Published online Dec 21, 2019. doi: 10.3748/wjg.v25.i47.6813
Peer-review started: September 23, 2019
First decision: November 4, 2019
Revised: November 20, 2019
Accepted: December 7, 2019
Article in press: December 7, 2019
Published online: December 21, 2019
Ulcerative colitis (UC) is a chronic, idiopathic inflammatory disease affecting the colon, and the precise molecular mechanisms are undefined. To date, some evidence suggested that non-SMC condensin I complex subunit D2 (NCAPD2) and non-SMC condensin II complex subunit D3 (NCAPD3) play important roles in mitosis and meiosis. Recently, it has been suggested in the literature that subunits of condensing I and condensin II are involved in human cancers, included colorectal cancer. Schuster et al has reported that NCAPD3 down-regulates the transcription of genes that encode amino acid transporters (SLC7A5 and SLC3A2) to promote bacterial autophagy by colonic epithelial cells.
To date, there are few studies regarding the correlation of NCAPD2 and NCAPD3 with human diseases, especially in UC. We hypothesize that NCAPD2/3 can also be a potential pathogenic or diagnostic target for ulcerative colitis, and could be used as a new therapeutic target in the future.
In this study, we identified high expression of NCAPD2/3 in the intestinal mucosa of patients with UC. We also analyzed the NCM60 colonic epithelial cell line expressing inducible siRNAs targeting NCAPD2/3, and for the first time, we found that NCAPD2/3 may induce inflammation via the IKK/NF-κB pathway in UC. These findings reveal an important role for NCAPD2/3 in UC, thus providing a potential new direction for UC research.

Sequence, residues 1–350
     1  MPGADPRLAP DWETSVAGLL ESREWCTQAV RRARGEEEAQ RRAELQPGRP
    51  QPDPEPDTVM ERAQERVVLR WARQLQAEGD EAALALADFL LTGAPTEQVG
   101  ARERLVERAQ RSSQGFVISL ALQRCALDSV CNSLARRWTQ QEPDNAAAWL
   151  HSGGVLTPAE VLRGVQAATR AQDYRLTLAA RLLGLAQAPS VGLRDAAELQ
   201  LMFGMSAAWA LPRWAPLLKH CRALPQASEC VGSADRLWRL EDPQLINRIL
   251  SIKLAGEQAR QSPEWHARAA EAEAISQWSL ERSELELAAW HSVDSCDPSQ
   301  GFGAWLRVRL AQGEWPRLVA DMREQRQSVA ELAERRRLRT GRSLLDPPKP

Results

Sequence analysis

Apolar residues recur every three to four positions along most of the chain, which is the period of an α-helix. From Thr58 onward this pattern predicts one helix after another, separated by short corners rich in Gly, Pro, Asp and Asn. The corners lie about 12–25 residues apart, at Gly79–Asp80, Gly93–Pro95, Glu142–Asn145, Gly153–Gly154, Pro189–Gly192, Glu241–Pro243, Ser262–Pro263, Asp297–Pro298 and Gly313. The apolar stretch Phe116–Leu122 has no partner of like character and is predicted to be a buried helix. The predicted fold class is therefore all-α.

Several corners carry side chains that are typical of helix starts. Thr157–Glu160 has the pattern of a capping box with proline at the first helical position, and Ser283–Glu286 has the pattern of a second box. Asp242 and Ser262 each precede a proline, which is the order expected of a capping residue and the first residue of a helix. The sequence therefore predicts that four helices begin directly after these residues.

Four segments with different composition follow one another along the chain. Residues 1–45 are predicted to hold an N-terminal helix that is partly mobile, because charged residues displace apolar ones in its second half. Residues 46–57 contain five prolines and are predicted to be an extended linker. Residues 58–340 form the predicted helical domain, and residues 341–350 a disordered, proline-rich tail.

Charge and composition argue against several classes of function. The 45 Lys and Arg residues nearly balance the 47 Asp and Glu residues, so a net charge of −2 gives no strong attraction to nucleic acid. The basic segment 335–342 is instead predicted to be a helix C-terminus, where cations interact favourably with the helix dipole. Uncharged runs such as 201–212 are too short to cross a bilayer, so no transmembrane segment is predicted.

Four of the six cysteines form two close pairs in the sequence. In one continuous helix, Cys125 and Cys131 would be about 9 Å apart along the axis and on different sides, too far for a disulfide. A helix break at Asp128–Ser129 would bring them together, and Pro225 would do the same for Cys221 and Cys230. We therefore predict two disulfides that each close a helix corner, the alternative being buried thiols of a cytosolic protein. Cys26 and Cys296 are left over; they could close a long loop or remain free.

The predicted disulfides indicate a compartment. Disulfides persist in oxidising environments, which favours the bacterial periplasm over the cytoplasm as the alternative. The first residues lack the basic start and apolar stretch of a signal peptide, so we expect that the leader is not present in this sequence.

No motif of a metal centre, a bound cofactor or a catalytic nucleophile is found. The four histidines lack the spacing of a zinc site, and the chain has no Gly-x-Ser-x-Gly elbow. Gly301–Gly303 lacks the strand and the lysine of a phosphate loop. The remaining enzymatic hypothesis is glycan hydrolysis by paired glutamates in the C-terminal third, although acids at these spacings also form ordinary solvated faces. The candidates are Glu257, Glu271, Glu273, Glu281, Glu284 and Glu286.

We used in situ hybridization (ISH) to measure levels of NCAPD2/3 in intestinal tissue from patients with UC and healthy individuals. In vitro, the inflammatory cytokines IKK and NF-κB were evaluated by ELISA, WB and immunofluorescence assay with NCM60 cells expressing small hairpin RNAs against NCAPD2/3.
In this study, we found that NCAPD2 and NCAPD3 protein expression in intestinal tissue was significantly higher in UC patients than in healthy people. We also found that knockdown of NACPD2/3 in normal colonic epithelial cells (NCM460 cell) resulted in a significant downregulation of IL-1β, IL-6 and TNF-α, possibly by regulating the IKK/NF-κB signaling pathway.
Levels of NCAPD2/3 proteins are increased in patients with active UC. NCAPD2/3 promote the release of inflammatory cytokines such as IL-1β, IL-6 and TNF-α, which modulate the IKK/NF-κB signaling pathway.
Our findings indicate a critical role for NCAPD2/3 in the onset and progression of inflammatory bowel disease, as well as strategies to decrease NCAPD2/3 levels that might inhibit inflammation in patients with active UC.